From an opportunity standpoint, Higgins is much closer to Chase than many would think. He actually leads the team in air yards during that same stretch (409 to 318) and has seven red-zone targets to eight for Chase on the season. Remember that Higgins missed a couple of games, as well.
We all love Chase but we should at least like Higgins too. It feels strange that you’re getting a near 50-percent discount going from Chase’s $29 salary down to $15 with Higgins in DFS this week.
Daniel Jones has the 4th highest expected competition percentage since Week 7
He sports a 2.8 percent completion rate over expectation during that span. I still don’t quite know where I stand on Daniel Jones as a player or frankly, the state of the Giants’ franchise in general. However, this is an encouraging mark as we get into an important stretch for Jones.
This stat shows the Giants are calling plenty of layups for Jones and he’s still performing above baseline expectations. Now Jones is getting extremely close to having all his receiving weapons together for the first time all season.
It sounds like Saquon Barkley will indeed be back coming out of their bye week. Kenny Golladay and Kadarius Toney should be healthier and even if Sterling Shepard is one more week away, he’s close.
How the targets and air yards get distributed with everyone out there in Week 11 will be telling. The Giants rotated Golladay, Toney and even Darius Slayton with the end-of-roster players last time we saw them. Was that an effort to keep them healthy — I’d get it, if so — and is that the plan going forward? Because even with all these talented guys, and even if Jones is playing well, it's going to be tough to trust anyone if no one is playing a full snap share.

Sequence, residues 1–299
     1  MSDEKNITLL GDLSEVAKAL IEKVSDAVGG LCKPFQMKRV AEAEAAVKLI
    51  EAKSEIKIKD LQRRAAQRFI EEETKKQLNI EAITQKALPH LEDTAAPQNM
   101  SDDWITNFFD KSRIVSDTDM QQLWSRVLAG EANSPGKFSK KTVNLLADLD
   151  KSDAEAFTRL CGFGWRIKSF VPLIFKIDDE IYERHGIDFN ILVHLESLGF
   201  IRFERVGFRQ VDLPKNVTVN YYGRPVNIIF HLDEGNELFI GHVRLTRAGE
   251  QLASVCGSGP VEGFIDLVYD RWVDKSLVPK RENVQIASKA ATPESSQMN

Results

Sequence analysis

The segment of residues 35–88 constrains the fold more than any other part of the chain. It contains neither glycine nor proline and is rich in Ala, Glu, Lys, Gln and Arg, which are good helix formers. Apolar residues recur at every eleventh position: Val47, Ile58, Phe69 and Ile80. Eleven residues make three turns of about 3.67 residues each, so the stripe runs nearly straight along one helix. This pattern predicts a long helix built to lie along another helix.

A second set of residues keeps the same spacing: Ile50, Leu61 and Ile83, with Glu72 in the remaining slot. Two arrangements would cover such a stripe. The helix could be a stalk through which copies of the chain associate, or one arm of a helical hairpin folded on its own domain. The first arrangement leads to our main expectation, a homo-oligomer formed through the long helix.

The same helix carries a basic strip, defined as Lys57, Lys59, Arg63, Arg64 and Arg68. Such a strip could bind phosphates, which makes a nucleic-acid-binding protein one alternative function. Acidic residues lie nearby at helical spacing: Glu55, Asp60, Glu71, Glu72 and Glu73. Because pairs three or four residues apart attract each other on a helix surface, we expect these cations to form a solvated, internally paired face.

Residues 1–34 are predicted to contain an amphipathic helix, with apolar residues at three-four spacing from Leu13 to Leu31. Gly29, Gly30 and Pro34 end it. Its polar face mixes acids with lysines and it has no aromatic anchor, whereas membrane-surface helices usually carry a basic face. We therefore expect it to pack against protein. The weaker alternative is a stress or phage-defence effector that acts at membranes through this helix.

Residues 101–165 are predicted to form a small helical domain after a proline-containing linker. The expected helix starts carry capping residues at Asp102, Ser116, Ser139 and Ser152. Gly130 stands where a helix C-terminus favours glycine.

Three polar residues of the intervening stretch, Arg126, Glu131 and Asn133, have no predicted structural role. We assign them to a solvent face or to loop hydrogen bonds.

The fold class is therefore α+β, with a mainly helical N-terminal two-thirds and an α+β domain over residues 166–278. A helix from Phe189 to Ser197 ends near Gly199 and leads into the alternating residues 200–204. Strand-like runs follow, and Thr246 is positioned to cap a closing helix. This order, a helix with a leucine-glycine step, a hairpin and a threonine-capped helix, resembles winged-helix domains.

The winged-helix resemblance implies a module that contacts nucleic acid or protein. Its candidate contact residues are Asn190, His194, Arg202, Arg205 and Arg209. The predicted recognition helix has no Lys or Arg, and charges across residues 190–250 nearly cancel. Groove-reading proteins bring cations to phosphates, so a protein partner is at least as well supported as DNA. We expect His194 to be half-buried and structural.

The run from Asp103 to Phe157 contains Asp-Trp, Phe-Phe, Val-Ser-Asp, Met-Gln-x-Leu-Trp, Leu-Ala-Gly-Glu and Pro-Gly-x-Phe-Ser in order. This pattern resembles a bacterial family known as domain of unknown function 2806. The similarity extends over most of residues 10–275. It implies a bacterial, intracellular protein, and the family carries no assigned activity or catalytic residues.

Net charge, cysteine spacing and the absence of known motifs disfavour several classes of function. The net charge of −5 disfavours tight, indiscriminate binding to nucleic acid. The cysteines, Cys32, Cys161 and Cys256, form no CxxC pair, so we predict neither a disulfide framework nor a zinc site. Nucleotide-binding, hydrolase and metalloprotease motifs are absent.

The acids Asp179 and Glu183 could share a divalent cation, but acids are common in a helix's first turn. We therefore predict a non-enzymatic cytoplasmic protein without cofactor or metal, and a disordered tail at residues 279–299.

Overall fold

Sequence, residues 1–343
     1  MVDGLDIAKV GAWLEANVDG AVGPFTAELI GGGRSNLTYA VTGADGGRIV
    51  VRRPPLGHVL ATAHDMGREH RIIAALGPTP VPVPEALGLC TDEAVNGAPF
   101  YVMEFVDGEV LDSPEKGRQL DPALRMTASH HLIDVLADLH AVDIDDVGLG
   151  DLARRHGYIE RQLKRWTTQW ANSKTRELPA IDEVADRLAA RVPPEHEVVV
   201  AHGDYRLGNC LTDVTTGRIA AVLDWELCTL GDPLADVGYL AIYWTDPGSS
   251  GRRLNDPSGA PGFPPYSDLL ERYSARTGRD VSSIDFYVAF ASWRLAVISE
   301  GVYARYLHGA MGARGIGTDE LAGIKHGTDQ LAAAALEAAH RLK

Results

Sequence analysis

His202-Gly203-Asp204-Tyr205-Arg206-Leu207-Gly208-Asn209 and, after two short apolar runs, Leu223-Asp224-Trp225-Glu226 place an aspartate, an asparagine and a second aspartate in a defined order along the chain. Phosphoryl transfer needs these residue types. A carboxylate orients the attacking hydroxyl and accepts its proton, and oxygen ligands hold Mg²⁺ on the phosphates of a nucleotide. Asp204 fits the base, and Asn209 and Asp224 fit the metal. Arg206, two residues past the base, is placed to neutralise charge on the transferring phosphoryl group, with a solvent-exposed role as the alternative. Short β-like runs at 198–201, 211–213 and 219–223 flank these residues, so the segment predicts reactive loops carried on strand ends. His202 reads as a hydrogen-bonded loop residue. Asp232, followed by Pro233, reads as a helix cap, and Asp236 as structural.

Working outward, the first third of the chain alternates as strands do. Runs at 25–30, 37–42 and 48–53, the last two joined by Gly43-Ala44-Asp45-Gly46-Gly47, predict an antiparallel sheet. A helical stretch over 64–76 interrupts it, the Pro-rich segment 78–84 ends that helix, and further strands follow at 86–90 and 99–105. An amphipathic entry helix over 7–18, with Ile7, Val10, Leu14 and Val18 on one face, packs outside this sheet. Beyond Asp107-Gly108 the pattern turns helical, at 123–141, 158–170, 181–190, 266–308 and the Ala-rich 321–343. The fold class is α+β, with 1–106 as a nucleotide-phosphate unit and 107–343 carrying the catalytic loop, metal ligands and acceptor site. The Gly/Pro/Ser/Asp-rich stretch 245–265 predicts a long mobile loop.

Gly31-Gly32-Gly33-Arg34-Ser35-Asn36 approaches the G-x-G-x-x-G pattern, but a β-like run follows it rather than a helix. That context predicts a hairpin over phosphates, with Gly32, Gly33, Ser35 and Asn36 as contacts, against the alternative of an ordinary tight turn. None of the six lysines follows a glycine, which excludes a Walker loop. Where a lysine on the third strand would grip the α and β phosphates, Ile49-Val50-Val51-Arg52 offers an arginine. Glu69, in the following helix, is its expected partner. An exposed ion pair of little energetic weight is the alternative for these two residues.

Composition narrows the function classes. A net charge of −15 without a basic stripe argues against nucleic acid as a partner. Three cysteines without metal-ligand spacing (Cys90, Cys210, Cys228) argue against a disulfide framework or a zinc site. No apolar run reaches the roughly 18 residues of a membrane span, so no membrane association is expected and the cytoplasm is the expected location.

A.J. Dillon ranks 7th in yards after contact per attempt (RBs with 90+ carries)
As he gets set for his first career start, the bruising Packers back draws a matchup with a Vikings defense that ranks 31st in rushing EPA allowed over the last month.
The question is not, “Is A.J. Dillon a top-10 back this week?” It’s how high can we rank him inside the top-10?
I’m expecting Dillon to get two 20-plus touch starts in the next two games as it makes little sense to push Aaron Jones back before the bye when the former has played well this season. The Rams matchup is less juicy than the Vikings’ spot but that should still be a high-scoring game and we’ve seen Dillon’s scoring-area upside.
Even when Jones comes back, who’s to say this doesn’t turn into a 50/50 or even 60/40 split considering Dillon was already carving a huge role in this backfield? It would help keep Jones fresh and unleashing the fury of a massive power runner in the winter months paired with an ascending defense sounds like a winning formula for Green Bay. Dillon could be a mid-RB2 even with Jones back for December.
You could think about selling high on the opportunity-based hype on Dillon right now or after this week. I’d pass. There are very few guys more valuable than Dillon as long as he starts in Green Bay. It’s about getting wins to make sure you make the fantasy playoffs. If you have Dillon, you’re feeling a lot better about your chances now than you were a week ago, all because of him.